10 May 1998


It was Juliet in the tragedy of Romeo and Juliet who said: "Tis but thy name that is my enemy. What's in a name? That which we will call a rose. By any other word would smell as sweet."

Every now and then, in idle moments, I think about Shakespeare and invariably I recall the above passage.

Two weeks ago, I read an interview in Business Week (March 30) of Nobel peace winner Aung San Su Kyi, leader of the National League for Democracy (NLD) of Mynmar.

I remember my visit to Mynmar., accompanying Tun Razak in the late sixties with fondness. In 1957, I had met U Ban Swee, the deputy prime minister at the Residency (now Tunku's Memorial) during a lavish party given by Tunku in U Ban Swee's honour in the lawn of the Residency.

It was one of my first diplomatic receptions I attended and in those days diplomatic receptions were lavish and great fun. I recall one had to wear the tuxedo to attend Queen Elizabeth's birthday receptions, not to mention dinners ate Carcosa, the residence of the British High Commissioner which is now part of the Carcosa-Sri Negara hotel.

Nowadays guests turn up at national day celebrations in long-sleeved batik and many embassies do not even hold parties anymore.

Suu Kyi was asked whether she had a preference about her country's name and she said she did - Burma rather than Mynmar. In the media here Mynmar. is always called Burma which shows support for Suu Kyi, 52, who won Burma's general elections in 1990, but for one reason or other the lady, married to an Englishman, was never allowed to take power.

She said the military rulers had no right to change the name of the country just because they fancied it.

At independence in 1957, Gold Coast became Ghana, India split into two, India and Pakistan. "British India became three sovereign nations following the Bangladesh War in 1971.

Malaya became Malaysia when we incorporated Singapore, Sabah and Sarawak in 1963. Singapore did not change its name upon Merdeka in 1965. North and South Vietnam reunited as Vietnam in 1975, Siam became Thailand and Ceylon reemerged as Sri Lanka and so on.

As Shashi Tharoor, the author of India - from Midnight to Millennium writes: "The self-appointed guardians of the Bharatvasis are convinced that the names India has given its cities and landmarks reflect the colonialization of a national sensibility, a process they are determined to reverse whenever they have a chance."

So they renamed the capital of Maharashtra, "Muambai", proscribing the use of the word "Bombay" for any official purposes. Tharoor says this is equivalent of a company jettisoning a well known brand name in favour of an inelegant patronymic - as if McDonald's had renamed itself Kroc's in honour of its inventor.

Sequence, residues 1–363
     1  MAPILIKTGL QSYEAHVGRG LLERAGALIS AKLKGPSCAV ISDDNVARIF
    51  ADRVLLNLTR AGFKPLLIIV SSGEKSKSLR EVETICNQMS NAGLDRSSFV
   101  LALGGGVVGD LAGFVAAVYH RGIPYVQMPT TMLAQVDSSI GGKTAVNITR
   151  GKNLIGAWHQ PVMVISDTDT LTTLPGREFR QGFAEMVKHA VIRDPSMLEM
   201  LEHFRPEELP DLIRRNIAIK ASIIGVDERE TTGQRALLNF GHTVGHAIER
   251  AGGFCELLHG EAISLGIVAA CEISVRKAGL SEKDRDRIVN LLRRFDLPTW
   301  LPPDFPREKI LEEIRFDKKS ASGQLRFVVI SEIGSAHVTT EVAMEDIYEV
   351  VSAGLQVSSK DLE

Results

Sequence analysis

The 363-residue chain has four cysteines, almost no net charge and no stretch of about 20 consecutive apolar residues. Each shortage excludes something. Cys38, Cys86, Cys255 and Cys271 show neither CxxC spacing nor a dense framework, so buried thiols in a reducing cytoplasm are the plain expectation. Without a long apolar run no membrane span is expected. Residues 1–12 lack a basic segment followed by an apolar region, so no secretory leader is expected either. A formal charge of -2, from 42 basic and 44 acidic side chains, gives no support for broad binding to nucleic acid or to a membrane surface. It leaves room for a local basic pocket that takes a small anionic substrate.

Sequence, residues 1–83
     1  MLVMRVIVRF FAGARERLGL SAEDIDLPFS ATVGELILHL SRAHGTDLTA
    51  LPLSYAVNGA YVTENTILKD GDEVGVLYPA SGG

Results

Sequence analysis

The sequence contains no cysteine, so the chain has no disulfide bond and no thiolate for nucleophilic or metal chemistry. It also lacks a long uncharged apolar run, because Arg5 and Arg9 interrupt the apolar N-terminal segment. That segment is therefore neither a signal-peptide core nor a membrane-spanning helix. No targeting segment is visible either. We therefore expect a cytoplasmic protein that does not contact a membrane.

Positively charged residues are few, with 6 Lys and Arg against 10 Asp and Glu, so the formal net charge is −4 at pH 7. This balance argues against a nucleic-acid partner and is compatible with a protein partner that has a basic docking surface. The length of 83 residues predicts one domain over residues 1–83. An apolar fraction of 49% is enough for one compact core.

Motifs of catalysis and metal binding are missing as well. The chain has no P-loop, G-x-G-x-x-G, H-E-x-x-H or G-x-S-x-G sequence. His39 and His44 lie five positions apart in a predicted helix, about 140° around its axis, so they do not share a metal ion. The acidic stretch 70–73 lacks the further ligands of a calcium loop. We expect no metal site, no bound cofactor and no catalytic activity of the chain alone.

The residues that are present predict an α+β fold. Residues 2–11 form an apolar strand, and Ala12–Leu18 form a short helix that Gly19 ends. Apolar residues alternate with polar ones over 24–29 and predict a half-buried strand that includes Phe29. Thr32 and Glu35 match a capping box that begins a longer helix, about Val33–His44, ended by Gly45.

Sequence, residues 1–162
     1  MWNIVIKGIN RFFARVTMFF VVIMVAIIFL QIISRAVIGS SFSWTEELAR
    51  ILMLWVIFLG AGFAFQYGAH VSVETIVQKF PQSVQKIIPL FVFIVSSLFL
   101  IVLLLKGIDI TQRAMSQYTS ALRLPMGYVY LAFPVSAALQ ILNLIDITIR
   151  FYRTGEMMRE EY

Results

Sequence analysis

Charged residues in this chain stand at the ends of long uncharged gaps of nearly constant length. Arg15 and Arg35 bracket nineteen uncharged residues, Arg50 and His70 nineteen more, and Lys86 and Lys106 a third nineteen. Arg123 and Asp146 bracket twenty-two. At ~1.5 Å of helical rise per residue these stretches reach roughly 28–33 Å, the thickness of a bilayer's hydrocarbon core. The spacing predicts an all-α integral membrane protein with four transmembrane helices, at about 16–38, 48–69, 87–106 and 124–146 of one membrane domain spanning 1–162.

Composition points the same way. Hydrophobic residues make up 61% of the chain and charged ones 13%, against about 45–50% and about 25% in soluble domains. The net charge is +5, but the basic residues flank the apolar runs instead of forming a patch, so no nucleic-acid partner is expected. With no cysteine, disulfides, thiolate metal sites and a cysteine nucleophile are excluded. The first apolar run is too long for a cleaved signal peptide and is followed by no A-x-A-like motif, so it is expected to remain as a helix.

"Bombay" has entered global discourse, it conjures up associations of cosmopolitan bustle: it is attached to products like Bombay gin, Bombay duck and the over priced colonial furniture sold by the Bombay Company. In short, he adds that "Bombay enjoys name recognition that many cities in the world would spend millions in publicity to acquire." Like changing BOAC (British Oversea Airlines Corporation) to BA (British Airlines) and MAS to Malaysian Airlines, but in this two instances, it was definitely a wise move.

After independence, Penang UMNO demanded that George Town became Tanjung or something like that but the Labour Party which controlled the City Hall resisted it and that was the end of the story.

The Malays, George Town has always been Tanjung so what was the big deal? As Shakespeare via Juliet, asks "What's in a name?" And, of course, even if it had changed name the capital city of Penang will still be essentially the same population wise.

Tharoor says that Shiv Sena renamed the universally known "VT" (Victoria Terminus) railway station in Bombay as "Chhatrapati Shivaji Maharaj Terminus". Tharoor gleefully demands: "Try telling that to a Bombay taxi driver: Trivandrum, capital of Kerala is now Thiruvananthapuram!"

This is not - to be fair - a new development, for names had been changed since soon after 1947 when the British left: Cawnpore became Kanpur and Poona, Pune.

And, at home, some years ago, Port Swettenham became Port Klang, Teluk Anson, Teluk Intan and the Anglicized spellings of Alor Star was changed to Alur Setar, Kota Bharu to Kota Baru, Johore to Johor, Penang to Pinang, Klang to Kelang and Trengganu to Terengganu, I suppose, to reflect the way they are pronounced. Try that on to reflect the way they are pronounced. Try that on a Trengganu man or woman!

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